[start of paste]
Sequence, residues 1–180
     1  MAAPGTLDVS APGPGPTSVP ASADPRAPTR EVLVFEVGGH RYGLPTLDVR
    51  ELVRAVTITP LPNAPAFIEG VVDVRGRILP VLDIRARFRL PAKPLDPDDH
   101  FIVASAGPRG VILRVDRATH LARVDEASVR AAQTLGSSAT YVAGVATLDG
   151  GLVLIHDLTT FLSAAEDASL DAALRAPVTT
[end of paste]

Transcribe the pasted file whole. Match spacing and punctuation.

Sequence, residues 1–180
     1  MAAPGTLDVS APGPGPTSVP ASADPRAPTR EVLVFEVGGH RYGLPTLDVR
    51  ELVRAVTITP LPNAPAFIEG VVDVRGRILP VLDIRARFRL PAKPLDPDDH
   101  FIVASAGPRG VILRVDRATH LARVDEASVR AAQTLGSSAT YVAGVATLDG
   151  GLVLIHDLTT FLSAAEDASL DAALRAPVTT